This morning, we woke up on Lake Gatun. What a treat it was! At the crack of dawn, we observed vessels of different sizes transiting the waterway. The canal is a very important source of income for the country of Panama. Just last year, they surpassed the annual revenue record with more than two billion dollars in the Panamanian national treasury.
We boarded panga boats, refurbished fishing boats that transport people for recreational activities. We cruised to the geographical center of the Panama Canal, the town of Gamboa. We observed the hilltops that were flooded in the making of Gatun Lake. We spotted a little troop of Geoffroy’s tamarins, monkeys of the almost endemic Panamanian primates. Tamarins are found in eastern Panama and along the border with Colombia.
We boarded small buses and traveled to Soberanía National Park, the most visited national park of Panama. The trails are well-preserved due to a nonprofit that provides maintenance to the facility. We headed to the Discovery Center to walk the trails and climb a tower that offers incredible views of the forest canopy.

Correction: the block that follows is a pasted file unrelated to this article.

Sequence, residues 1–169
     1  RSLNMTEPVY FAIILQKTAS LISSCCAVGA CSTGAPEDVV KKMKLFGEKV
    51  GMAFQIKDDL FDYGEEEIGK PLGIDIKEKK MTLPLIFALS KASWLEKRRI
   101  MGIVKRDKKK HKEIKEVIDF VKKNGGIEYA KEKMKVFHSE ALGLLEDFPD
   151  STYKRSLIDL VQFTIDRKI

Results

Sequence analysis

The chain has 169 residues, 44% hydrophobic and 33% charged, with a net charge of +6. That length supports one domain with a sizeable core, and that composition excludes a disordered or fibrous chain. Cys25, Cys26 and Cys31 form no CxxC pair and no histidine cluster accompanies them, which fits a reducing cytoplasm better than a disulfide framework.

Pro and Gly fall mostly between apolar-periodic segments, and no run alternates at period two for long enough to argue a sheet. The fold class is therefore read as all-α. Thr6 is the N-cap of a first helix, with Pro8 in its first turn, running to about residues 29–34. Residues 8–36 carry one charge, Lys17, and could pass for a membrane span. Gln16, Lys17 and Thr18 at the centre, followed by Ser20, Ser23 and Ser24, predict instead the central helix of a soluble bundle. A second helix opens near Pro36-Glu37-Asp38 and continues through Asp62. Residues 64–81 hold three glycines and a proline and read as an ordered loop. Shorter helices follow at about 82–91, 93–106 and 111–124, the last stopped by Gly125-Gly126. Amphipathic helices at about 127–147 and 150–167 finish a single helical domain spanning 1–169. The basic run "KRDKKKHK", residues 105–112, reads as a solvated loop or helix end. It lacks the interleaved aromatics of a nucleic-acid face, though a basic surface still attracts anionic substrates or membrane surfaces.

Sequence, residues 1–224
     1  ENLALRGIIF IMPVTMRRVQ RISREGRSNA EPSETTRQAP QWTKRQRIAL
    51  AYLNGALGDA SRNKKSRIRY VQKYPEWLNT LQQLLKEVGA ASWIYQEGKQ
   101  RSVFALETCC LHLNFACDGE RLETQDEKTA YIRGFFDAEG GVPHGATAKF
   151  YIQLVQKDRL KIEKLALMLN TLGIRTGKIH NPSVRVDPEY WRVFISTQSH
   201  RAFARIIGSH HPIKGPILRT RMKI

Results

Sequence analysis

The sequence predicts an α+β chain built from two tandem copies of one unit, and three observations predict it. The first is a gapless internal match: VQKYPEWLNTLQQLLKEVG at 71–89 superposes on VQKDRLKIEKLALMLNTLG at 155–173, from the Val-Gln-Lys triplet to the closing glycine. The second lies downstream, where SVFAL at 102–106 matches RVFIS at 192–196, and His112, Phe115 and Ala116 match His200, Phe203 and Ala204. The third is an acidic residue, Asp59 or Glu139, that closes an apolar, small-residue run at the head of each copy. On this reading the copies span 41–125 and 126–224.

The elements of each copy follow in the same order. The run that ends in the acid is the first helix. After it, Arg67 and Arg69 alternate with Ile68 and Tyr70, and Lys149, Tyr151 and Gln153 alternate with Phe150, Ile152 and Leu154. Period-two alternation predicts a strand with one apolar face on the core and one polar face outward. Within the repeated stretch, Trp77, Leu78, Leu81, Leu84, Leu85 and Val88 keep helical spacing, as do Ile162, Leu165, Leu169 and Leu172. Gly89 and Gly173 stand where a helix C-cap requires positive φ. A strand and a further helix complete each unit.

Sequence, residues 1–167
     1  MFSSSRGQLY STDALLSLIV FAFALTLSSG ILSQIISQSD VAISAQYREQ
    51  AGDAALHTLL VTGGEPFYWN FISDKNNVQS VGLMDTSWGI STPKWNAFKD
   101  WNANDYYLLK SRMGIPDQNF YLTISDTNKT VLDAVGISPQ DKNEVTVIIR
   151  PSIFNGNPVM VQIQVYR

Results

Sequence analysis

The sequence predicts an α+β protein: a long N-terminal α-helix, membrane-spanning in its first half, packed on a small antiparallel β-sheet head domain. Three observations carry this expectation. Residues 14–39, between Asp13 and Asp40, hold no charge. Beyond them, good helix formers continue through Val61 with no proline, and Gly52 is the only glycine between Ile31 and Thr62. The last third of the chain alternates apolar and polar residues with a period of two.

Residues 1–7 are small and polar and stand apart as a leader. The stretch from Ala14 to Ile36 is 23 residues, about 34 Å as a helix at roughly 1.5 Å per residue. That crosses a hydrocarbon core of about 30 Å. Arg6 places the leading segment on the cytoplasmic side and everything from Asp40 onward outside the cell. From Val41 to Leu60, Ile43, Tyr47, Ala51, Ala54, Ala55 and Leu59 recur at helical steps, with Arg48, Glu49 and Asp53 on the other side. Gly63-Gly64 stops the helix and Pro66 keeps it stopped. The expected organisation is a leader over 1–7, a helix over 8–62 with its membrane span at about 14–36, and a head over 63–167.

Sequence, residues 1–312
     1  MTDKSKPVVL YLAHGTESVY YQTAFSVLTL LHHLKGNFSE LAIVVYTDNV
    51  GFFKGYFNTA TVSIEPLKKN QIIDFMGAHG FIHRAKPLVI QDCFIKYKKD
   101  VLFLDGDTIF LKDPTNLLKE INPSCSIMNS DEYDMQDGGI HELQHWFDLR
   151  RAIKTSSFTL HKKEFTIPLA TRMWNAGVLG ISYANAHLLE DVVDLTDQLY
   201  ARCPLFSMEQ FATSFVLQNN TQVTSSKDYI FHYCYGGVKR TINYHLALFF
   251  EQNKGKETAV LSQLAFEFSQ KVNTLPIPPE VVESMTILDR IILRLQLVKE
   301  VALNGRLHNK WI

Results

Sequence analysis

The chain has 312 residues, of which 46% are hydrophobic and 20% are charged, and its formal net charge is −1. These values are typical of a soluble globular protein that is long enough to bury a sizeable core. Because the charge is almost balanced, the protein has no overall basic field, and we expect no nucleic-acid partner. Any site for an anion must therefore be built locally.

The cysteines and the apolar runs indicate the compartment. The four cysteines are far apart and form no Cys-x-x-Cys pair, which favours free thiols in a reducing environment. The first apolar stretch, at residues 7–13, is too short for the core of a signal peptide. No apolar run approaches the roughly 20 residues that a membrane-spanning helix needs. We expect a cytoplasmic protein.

The last place we enjoyed on this visit was the hummingbird feeder station. We were delighted to watch several species of hummingbirds, such as blue-chested hummingbirds, white-necked jacobins and long-billed hermits.
We enjoyed sightseeing as the bus exited Gamboa, the dredging division where heavy-duty maintenance of the canal is carried out. It was otherworldly and beautiful to see such an important place.
Back to National Geographic Quest for a great lunch. We finished our day with the Panama crossing, putting an end to a great voyage.